That line of thinking also makes you see the world through narcissism-colored lenses, and takes you out of the equation of your experiences. And the biggest problem with that is, you are the equation. Everything that is showing up in your life is a reflection of something internal. There are no exceptions to this.
I know this is going to be a big stretch for those of you who are currently living experiences of abuse or other types of experiences where you feel victimized. Believe me, I’ve been there, in that spot where it seems so completely obvious that someone else is responsible for the pain and trauma you’re feeling and experiencing, and for the fact that you have become a shell of yourself.
It never once occurred to me that this was because I already was a shell of myself, or was at least trapped in one, before I’d even met my ex! He came along to help me begin cracking out of it. If I’d had the practices and expanded vision I support clients with today, I would have had an entirely different experience than one where I felt victimized, diesmpowered, traumatized and hopeless.
If you believe a verbally abusive, emotionally abusive and/or narcissistically abusive relationship is purely external, I encourage you to look at what is being mirrored. If you insist you have never even said an unkind word to another person, let alone acted in an abusive manner, consider this: If you are in, or were in, a relationship you consider to be abusive, you most certainly did act abusively toward another human being. That person was yourself!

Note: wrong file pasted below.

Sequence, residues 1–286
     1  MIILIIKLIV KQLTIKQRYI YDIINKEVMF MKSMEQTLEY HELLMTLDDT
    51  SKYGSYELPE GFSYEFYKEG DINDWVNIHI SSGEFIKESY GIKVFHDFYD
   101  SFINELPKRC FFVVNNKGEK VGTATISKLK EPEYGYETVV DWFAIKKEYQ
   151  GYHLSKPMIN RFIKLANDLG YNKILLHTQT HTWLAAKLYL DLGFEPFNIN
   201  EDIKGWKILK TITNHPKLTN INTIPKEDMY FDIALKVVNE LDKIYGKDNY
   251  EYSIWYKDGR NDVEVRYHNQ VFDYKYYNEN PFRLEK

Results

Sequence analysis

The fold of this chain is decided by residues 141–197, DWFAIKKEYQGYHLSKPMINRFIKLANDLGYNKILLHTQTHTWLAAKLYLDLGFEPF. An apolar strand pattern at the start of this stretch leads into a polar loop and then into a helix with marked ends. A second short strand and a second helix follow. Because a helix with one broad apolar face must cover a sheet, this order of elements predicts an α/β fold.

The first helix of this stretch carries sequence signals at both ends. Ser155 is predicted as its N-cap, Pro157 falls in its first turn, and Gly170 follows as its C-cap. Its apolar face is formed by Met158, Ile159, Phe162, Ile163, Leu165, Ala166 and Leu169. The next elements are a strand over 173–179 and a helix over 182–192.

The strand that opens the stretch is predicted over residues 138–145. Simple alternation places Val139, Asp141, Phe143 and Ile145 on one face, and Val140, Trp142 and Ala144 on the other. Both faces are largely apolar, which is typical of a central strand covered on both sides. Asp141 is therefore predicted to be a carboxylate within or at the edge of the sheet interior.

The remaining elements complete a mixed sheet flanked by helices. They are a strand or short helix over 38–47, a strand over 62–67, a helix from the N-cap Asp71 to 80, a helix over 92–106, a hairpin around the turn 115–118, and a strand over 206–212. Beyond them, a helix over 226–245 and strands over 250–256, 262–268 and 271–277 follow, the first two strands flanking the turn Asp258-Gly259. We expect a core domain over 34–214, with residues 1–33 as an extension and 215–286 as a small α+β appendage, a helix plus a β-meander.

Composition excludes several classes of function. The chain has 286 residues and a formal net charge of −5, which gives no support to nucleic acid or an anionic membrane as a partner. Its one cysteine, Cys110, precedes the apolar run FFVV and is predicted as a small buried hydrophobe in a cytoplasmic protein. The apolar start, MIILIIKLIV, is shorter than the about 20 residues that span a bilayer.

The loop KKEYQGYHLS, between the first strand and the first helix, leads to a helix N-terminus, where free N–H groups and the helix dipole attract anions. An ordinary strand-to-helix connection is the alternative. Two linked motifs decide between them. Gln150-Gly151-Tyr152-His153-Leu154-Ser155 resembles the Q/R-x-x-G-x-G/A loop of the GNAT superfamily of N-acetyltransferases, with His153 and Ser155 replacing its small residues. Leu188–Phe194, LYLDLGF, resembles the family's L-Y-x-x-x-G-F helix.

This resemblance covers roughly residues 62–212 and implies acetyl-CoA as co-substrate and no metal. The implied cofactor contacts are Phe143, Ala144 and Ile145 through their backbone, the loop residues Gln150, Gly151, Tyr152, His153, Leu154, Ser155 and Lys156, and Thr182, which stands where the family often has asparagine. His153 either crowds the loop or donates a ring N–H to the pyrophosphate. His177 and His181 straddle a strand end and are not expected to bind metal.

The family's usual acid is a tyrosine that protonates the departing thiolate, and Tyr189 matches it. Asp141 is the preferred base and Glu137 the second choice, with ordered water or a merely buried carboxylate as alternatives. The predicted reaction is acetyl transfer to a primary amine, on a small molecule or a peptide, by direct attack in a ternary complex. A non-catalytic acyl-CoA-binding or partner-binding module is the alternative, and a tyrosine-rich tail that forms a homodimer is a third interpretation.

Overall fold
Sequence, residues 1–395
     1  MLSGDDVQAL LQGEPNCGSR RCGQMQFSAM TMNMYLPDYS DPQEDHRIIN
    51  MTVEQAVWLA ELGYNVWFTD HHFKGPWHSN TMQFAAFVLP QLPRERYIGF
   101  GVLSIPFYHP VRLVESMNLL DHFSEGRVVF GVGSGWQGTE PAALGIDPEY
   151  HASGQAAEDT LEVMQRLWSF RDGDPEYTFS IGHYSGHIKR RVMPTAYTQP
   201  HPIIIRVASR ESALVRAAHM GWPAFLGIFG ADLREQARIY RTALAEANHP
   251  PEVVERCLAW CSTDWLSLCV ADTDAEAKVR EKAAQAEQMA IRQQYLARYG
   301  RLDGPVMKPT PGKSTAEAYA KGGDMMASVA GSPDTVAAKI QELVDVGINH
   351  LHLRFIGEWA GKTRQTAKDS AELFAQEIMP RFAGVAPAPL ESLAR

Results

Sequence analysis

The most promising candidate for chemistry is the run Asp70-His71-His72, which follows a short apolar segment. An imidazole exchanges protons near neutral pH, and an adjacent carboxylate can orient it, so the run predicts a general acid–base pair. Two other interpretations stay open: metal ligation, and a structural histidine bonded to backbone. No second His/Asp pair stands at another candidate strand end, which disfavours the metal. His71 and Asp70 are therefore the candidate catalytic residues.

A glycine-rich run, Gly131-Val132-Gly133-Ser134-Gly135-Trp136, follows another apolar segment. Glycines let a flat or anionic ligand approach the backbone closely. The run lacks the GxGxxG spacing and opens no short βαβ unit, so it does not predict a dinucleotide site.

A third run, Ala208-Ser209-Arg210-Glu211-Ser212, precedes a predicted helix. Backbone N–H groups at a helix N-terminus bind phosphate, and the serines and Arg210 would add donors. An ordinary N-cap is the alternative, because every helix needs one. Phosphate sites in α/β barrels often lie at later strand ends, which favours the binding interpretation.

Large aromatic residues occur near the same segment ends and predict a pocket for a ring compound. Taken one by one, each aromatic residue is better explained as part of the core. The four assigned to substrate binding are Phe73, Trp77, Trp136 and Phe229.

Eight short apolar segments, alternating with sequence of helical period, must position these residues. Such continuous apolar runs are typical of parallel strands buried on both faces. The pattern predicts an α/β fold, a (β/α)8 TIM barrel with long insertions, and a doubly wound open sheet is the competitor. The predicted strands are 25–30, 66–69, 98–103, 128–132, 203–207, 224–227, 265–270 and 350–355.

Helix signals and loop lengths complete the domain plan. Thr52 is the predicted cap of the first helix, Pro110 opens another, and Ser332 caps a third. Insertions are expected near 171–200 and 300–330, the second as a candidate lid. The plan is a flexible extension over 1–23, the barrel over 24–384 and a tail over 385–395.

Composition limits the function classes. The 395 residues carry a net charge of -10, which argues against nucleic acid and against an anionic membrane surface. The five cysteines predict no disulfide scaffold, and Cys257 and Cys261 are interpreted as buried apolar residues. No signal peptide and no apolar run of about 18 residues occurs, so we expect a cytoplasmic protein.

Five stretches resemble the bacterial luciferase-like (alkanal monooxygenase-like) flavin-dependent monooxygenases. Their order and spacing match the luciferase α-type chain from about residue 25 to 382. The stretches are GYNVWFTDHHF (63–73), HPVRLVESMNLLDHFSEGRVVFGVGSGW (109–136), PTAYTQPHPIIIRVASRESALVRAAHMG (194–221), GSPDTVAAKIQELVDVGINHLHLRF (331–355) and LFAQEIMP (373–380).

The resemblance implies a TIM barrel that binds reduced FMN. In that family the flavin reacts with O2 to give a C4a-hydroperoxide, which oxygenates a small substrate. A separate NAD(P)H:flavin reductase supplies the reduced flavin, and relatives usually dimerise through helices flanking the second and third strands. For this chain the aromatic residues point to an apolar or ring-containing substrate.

People who love, respect and honor themselves do not remain in relationships they find abusive, painful and traumatic. They don’t get so emotionally hooked to their partner and addicted to the drama that they can’t leave, even once they can say out loud that they are being abused.
And when they do leave, they don’t go back. Again and again.
The best advice I got while I was spinning out and trying to figure out whether or not my ex was a narcissist was this: “Stop trying to figure out what he is or isn’t, and put your focus on you and how you feel.”
I didn’t know what that meant, exactly, let alone how to do it. That’s because my issue was not my ex; it was me. I had no idea who I even was outside my relationships. My entire identity was based on them. My ability to learn that, and also learn what love actually was, were two of the many gifts this man came into my life to deliver.
It wasn’t the conditional type I thought I was in back then. There’s really no such thing as being in love. There is only being love, which is the truth of who you are.
I just wrote several more pages, but I’m going to end the post here. I’ve planted a few seeds and have given them some post-Solstice sunshine. I’ll be back to water them soon.
In the meantime, here’s a link to the podcast, which can benefit anyone who has difficulty saying no, setting boundaries, overgiving, giving from a place of depletion and other challenges of people-pleasing and codependency. Gail did such an incredible job with this interview and I can’t wait for her next episode!
P.S. My site is under construction and apparently also getting Mercury retrograded, so I can’t post pics at the moment. But stay tuned for the new site, and reach out if you’d like some support via Zoom, Facetime or phone.